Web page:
Deshaun Watson’s slant passes are statistically awesome. What does that actually mean?

In breaking on to the scene in an abbreviated sample in 2017, Deshaun Watson absolutely torched defenses on slant routes. He threw nine of them, completed seven of them, and had a league-leading 55.4% DVOA on those passes. It was hardly the only throw he was good at, and it was a small enough sample size for a stathead to collectively shrug their shoulders about it.

While I do not have DVOA for specific routes just yet — that comes later in the Football Outsiders calendar — I do have success rates. Watson’s success on slants in 2018 is still quite impressive: He threw 47 slant patterns, 30 of which were successful plays. He went 33-of-47 on slant patterns for 376 yards, three touchdowns, one interception, and 18 first downs.

So, cool, tidy that stat up for a Tweet that will get retweeted around context-free so that everyone can quotetweet their own opinion to it. “Wow.” “He’s becoming so great.” “I didn’t know this throw was so good,” and so on.

But let’s actually figure out why these throws were so successful — what goes in to making the slant a successful play for the Texans?

Packaged plays

When the Texans ran slants in 2018, it was usually out of a couple different concepts. Against the Patriots, they started the season using the packaged play concept that worked so well for Watson in 2017. Despite the fact that Watson played poorly against the Patriots, it had nothing to do with the packaged plays:

Run-pass options ravaged New England in Week 1 — in fact almost all of Watson’s positive plays came off of slant throws. 6 of 6 for 74 yards, four first downs, and a touchdown. He was 11-of-28 on non-slant targets for 102 yards.

Naturally, that was enough to move away from packaged plays as a staple concept of the offense for the rest of the season. In watching every slant throw that the Texans attempted in 2018, I only counted a rogue throw here or there that actually came with play-action. I … well, you get nowhere by trashing coaches. But I will never understand why Bill O’Brien went away from packaged plays as a staple concept of Houston’s offense. It did wonders in 2017, and even when it failed in the small sample sizes it was given in the rest of 2018, it wasn’t because the throws weren’t there to be made.

Empty sets

Empty sets became a staple concept for Houston in the passing game this year. It gave Watson the ability to determine more of the pre-snap field, and the slant off empty sets in particular became one of the Texans “have to have it” playcalls. They called it with 19 seconds left in Indianapolis to set up the game-winning field goal in overtime. They called it multiple times against the Jets in Watson’s go-ahead touchdown drive. Because of how easy it is to manipulate the coverage out of empty, it takes sharp instincts to actually fight back against the Texans. That sort of play did happen in Week 4 against the Colts:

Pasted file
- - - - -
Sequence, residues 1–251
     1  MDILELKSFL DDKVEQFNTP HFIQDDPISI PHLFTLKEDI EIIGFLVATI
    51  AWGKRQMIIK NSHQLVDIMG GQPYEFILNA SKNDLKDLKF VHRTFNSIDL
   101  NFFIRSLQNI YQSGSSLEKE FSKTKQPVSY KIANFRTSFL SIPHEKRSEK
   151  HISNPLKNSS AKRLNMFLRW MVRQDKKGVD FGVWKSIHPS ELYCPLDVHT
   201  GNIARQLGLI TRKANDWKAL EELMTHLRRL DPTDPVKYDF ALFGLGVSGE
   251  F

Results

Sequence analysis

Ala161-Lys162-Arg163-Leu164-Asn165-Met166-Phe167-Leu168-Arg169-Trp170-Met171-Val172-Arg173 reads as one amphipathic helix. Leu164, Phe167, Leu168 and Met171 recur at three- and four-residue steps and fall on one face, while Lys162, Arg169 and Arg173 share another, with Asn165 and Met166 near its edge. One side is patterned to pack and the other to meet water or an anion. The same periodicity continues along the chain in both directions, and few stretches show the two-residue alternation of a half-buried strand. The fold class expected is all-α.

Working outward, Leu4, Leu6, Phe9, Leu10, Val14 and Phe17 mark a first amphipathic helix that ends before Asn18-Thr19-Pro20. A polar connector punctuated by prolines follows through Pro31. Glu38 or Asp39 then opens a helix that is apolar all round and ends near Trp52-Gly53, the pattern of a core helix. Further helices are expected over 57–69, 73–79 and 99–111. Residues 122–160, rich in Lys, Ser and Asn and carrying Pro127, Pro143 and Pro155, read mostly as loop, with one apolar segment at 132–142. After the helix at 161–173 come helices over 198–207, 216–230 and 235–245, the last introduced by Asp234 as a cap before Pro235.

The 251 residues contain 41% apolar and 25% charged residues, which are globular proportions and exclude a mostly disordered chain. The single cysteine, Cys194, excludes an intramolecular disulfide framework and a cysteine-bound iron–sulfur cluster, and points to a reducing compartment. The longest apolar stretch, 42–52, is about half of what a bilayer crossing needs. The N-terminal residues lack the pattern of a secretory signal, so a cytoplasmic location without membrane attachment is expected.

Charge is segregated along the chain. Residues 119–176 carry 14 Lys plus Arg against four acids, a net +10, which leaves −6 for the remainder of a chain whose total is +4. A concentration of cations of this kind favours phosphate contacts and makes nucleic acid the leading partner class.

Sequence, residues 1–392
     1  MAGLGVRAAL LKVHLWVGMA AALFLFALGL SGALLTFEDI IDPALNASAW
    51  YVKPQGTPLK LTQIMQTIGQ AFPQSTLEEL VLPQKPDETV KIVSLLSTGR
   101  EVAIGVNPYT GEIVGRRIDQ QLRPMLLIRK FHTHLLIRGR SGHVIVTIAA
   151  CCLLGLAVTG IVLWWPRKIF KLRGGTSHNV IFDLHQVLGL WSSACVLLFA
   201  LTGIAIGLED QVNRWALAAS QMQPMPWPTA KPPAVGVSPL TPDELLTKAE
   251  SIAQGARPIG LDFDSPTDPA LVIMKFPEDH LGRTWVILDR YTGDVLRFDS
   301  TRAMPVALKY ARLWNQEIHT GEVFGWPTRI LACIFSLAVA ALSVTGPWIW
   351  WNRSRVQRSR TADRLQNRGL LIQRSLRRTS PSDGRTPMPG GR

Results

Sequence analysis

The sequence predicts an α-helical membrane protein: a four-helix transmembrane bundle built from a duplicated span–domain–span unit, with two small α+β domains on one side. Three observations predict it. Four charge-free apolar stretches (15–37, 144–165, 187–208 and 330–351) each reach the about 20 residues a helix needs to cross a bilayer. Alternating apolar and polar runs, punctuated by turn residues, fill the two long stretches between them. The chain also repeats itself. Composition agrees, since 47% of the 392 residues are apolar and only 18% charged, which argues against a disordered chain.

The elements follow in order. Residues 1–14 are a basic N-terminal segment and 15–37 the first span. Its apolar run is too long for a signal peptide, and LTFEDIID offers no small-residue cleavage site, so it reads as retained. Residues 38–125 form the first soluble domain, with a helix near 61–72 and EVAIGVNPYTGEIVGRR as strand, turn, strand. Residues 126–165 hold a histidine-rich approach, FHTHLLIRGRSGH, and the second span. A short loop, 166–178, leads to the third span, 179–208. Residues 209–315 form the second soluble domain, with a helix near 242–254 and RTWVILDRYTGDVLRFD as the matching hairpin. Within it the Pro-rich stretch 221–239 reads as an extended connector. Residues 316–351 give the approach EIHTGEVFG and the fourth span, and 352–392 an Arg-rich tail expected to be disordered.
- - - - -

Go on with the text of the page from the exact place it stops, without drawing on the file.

If Anthony Walker is properly occupied, this is a completion. But because he is able to read the quarterback’s eyes, he makes this play on a ball that’s not even thrown to his man. Watson saw Walker, and adjusted to try to squeeze it in before Walker’s throwing lane, causing the ball to head right to Pierre Desir. That was the one pick that the Texans had against a slant this year and it took a terrific read and, I would guess, good coaching on tendencies to be able to come up with it.

Watson’s accuracy over the middle was generally very good

When Watson was incomplete on a slant, it usually wasn’t by much. Keke Coutee and Demaryius Thomas both had balls in hand range that they didn’t catch — Coutee presents some problems being much shorter than Hopkins, and I don’t think Thomas and Watson were entirely on the same page at that point.

I’ve got another couple of routes I want to show off because I think they demonstrate other elements of Watson’s game that particularly works well on these routes. Here’s one against the Giants in Week 3:

I like slant routes as a second or third option for Watson because he seems to have good recognition instantly on them — he makes the read and attacks the throw or moves on. Here, under pressure by the Giants, he steps up on the money deeper down the field.

Then there’s this throw against the Jaguars in Week 7:

Watson is great at lofting throws — the Jaguars actually anticipate this throw to some extent and have Barry Church waiting in the flat, but it doesn’t bother the Texans because Watson just flicks the wrist right over Church’s head.

Watson’s most accurate throws come over the middle, and his ability to put touch on the ball can be a handy tiebreaker when he notices underneath defenders.

The Stat Dump: DeAndre Hopkins usually being the target helps

Hopkins was the target on 34 of Watson’s slant throws. 24 of those were successful plays.

Per Sports Info Solutions database, only 13 of the 47 slant patterns Watson threw were in zone coverage.

From the beginning of the season to Week 7, most of Houston’s slants came from the slot. From Week 8 to the end of the season, most of the slants came from the outside receiver

Nine of the first 28 slant targets Texans receivers had in 2018 came from the outside. Only five of their last 19 slant targets came from the outside.

Now that you know why slants work for the Texans, there’s only one thing left to say, right?

Bring run-pass options back as a staple concept, Bill.

I know you don’t like all this fancy stuff, but the personnel screams for it, and if nothing else it’s another way to help your running game. I know you love to pound the rock. Let’s frame it like that: it gives those box defenders yet another reason to not make the right read and instead give you an advantage. That’s what you like, right? I like easy throws over the middle myself, but we can agree on this, right?

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